The seeds that reach the herbal market pass through various stages, all of which inuence the nature and quantity of chemical constituents, and hence their therapeutic activity. 1. Cultivation. Environmental factors, including temperature, rainfall, length of daylight, radiation characteristics, altitude, soil and fertilizer/pesticide use, etc., may inuence the chemical constituents. 2. Collection. To ensure maximum therapeutic potential, the seeds must be collected when perfectly ripe. Cleaning or washing is an important step, as the seeds must be free from fruit pulp before drying. Seeds which are obtained from mucilaginous fruits, such as nux vomica and cocoa, should be washed well to ensure that they are free from pulp. Some seeds, such as linseed, are separated from their husks by threshing and winnowing the fruits. Other factors include the nature of the plant (wild or cultivated, and its age), the season and time of collection, the personnel involved, etc. 3. Drying. Immediately after collection the seeds should be dried in the open air; generally, they should not be kiln-dried. Moist seeds are liable to develop microbial growth if not dried immediately. In some instances, however, drying by articial heat becomes necessary, especially in tropical countries. Cocoa seeds are fermented by slow drying at a moderate temperature prior to sun drying. Some seeds, such as those of guarana, cola, and nutmeg, are decorticated during or after drying and their kernels are removed. These seeds require special drying techniques. 4. Storage. The dry seeds are normally stored in a cool, dry place. Microbial contamination must be avoided. Properly stored seeds retain their medicinal values for several years.

CHAPTER 2 Seeds as Herbal Drugs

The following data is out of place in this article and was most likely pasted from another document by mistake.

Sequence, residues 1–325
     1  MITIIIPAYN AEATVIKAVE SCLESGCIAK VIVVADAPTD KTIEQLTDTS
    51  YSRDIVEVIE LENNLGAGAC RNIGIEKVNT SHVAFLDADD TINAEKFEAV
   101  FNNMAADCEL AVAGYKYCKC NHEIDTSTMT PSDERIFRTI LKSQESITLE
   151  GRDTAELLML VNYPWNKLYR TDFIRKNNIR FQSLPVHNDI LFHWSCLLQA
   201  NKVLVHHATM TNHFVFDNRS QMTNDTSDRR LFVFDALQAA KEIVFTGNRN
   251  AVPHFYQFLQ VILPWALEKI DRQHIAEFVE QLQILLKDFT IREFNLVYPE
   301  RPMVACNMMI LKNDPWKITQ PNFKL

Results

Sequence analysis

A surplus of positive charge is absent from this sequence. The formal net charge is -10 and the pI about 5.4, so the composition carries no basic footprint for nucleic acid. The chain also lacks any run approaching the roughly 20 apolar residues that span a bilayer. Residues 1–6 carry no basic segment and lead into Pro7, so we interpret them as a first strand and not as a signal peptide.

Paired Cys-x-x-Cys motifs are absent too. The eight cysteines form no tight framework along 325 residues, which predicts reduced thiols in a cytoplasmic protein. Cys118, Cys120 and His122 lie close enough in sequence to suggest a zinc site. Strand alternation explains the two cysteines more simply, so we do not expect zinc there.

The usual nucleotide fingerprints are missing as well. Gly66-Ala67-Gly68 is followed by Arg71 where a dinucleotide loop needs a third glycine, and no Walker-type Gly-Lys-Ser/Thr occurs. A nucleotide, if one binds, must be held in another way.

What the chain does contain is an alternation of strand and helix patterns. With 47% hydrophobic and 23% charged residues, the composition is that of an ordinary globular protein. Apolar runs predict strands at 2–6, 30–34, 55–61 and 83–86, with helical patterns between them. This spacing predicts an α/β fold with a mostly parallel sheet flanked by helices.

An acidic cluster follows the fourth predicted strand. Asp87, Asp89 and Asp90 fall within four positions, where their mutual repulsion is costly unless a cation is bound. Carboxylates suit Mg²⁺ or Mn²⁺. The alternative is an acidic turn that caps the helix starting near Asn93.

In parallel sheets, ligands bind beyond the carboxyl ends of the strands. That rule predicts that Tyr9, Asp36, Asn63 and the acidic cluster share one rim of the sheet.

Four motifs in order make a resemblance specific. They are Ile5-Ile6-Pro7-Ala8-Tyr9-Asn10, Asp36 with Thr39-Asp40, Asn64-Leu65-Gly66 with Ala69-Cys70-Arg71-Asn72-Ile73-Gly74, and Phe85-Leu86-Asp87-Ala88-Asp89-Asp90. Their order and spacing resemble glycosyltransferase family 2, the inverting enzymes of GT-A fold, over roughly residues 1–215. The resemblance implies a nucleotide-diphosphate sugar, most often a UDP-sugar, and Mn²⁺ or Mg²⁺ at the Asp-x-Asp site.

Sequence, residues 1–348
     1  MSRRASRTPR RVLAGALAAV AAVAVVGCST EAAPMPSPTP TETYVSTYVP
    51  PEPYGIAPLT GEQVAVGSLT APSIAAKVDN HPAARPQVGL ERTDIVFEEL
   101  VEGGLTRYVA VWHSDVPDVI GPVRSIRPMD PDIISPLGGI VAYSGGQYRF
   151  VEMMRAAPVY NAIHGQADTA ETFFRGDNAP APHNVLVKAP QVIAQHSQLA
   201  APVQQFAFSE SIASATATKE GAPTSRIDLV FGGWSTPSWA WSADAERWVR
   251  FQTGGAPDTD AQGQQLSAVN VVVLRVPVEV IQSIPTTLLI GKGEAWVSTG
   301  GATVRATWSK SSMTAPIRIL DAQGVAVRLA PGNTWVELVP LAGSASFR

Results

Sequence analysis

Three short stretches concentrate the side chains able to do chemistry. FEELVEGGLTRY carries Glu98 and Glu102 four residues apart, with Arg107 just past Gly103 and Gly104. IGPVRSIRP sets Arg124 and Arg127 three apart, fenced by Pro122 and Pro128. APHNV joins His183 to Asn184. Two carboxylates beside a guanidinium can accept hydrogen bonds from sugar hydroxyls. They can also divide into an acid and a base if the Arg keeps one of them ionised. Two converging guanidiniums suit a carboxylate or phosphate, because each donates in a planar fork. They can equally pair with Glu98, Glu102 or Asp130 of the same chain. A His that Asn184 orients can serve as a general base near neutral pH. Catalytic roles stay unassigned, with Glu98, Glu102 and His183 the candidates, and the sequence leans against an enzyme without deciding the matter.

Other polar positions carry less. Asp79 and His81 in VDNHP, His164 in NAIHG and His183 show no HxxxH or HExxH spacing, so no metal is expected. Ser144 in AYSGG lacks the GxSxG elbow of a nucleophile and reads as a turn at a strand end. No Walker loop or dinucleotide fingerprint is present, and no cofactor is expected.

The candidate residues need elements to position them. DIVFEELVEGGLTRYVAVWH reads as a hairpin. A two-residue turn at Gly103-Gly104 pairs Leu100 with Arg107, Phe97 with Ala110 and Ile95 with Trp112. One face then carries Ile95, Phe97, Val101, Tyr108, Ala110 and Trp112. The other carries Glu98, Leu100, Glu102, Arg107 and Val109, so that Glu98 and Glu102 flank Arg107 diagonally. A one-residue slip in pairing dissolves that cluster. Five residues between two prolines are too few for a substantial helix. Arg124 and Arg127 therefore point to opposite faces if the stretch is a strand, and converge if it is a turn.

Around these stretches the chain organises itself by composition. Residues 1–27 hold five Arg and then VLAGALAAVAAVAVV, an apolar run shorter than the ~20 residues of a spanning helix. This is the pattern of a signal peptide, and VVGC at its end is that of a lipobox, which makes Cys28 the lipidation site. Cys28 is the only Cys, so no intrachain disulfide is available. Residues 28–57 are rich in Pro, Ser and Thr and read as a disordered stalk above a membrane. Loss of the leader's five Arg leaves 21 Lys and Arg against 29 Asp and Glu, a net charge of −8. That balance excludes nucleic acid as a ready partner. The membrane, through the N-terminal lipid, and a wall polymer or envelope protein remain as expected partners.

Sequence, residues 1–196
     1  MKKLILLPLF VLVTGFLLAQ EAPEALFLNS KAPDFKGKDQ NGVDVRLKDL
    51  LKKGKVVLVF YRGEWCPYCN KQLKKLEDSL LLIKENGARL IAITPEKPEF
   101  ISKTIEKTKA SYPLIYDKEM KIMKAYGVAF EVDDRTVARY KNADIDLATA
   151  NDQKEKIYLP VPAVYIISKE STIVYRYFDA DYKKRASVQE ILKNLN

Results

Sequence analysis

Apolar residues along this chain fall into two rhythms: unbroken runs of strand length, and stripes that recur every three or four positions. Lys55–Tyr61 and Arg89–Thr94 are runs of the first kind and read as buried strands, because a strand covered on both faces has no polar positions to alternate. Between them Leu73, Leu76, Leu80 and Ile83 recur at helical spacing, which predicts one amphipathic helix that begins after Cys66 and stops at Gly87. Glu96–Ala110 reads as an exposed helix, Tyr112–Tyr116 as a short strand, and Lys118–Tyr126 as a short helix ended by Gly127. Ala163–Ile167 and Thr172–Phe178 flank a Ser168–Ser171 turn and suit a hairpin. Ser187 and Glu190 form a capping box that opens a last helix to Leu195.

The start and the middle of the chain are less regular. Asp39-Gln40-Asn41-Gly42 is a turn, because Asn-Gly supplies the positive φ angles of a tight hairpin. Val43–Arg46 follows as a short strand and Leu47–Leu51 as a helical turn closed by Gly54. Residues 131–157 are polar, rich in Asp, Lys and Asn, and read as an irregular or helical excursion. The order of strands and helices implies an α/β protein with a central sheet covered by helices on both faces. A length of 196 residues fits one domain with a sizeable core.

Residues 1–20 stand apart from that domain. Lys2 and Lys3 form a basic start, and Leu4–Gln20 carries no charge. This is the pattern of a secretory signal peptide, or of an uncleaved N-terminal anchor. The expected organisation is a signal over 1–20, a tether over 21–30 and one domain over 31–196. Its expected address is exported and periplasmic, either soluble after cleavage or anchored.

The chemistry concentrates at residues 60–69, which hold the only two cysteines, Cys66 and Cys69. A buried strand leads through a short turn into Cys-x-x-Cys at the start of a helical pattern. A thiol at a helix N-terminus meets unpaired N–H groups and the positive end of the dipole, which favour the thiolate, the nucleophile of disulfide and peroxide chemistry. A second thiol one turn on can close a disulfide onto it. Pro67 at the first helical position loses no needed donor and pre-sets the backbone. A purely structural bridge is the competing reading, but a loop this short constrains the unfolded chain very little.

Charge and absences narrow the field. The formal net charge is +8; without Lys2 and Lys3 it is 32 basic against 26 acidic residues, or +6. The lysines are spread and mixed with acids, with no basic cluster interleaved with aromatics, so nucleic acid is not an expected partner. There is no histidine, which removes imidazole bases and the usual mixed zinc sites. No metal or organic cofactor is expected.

As agricultural crops, seeds used for the extraction of xed oils are rated second in importance to cereals. Over the past six decades the production of oils for the food industry has increased enormously, whereas consumption by industrial and other users has remained relatively static although there have been interesting developments in the pharmaceutical industry. Fixed oils or fatty oils are the reserve food materials of plant and animals. Those that are liquid at 15.5e16.5 C are termed xed oils, while those that are solid or semi-solid at that temperature are termed fats. Fixed oils derived from plant sources generally occur in seeds (Kokate et al., 2008). Chemically xed oils are esters of glycerol and various straight-chain monocarboxylic acids, known as fatty acids, which may be saturated, monounsaturated, or polyunsaturated. They contain various minor components (i.e., vitamins, sterols, antioxidants, phospholipids, pigments, and traces of hydrocarbons and ketones), some of which contribute to the medicinal properties. Physiologically xed oils are emollients and demulcents, and have nutritional value. The unsaturated fatty acids, namely linoleic, linolenic, and arachidonic acids (present in several seed xed oils), are termed essential fatty acids, as they are not produced in the human body and must be provided in the diet. Fixed oils containing essential fatty acids (such as evening primrose oil) serve as nutritive and dietary supplements (nutraceuticals). Polyunsaturated fatty acids including omega-3 fatty acids are present in various seed xed oils, namely safower, axseed, mustard, and soya oils, etc. They help to reduce cholesterol formation and/or deposition, and hence to decrease the risk of atherosclerosis and ischemic heart disease. Fixed oils containing mainly unsaturated fatty acids are used as nutraceuticals in the prophylaxis of hypercholesteremia and atherosclerosis. Phospholipids present in xed oils are hepatoprotective (Awang, 2009). Apart from these specic therapeutic uses, xed oils are also utilized in the preparation of ointment, suppository, and cream bases; in dermatological preparations; as oily vehicles for oil-soluble injectable drugs; and as demulcents, emollients, and lubricants, etc. (Duke et al., 2002). Table 2.1 provides a comprehensive list of the names, sources, constituents, and pharmacological (or therapeutic) activities and uses of medicinally important xed seed oils. Fixed oils are generally obtained from seeds by expression, centrifugation, and/or solvent extraction, depending on the product. Some xed oils, such as arachis or linseed oil, are obtained by hot expression (or pressing); others, such as castor oil and chaulmoogra oil, are obtained by cold pressing. In some cases e for example, chaulmoogra oil e the seeds are decorticated and the kernels are pressed. Some oils, such as theobroma oil, are obtained from roasted seeds. The crude oil obtained by pressing then requires appropriate rening. Coldpressed oils usually require nothing further than ltration, although sometimes the crude oil obtained is treated to get rid of unwanted or toxic constituents e for example, crude castor oil is steamed at 80 C to destroy the enzyme lipase and ricin (a toxic protein) to render it suitable for medicinal use, and linseed oil is left to settle so as to precipitate mucilage and coloring matter, before being treated with alkali to remove free fatty acids. Some of the xed oils are bleached (for example, linseed oil and arachis oil), while others may be rened industrially according to their specic medicinal purposes (for example, as a vehicle for intramuscular oily injections) (DerMarderosian, 2001).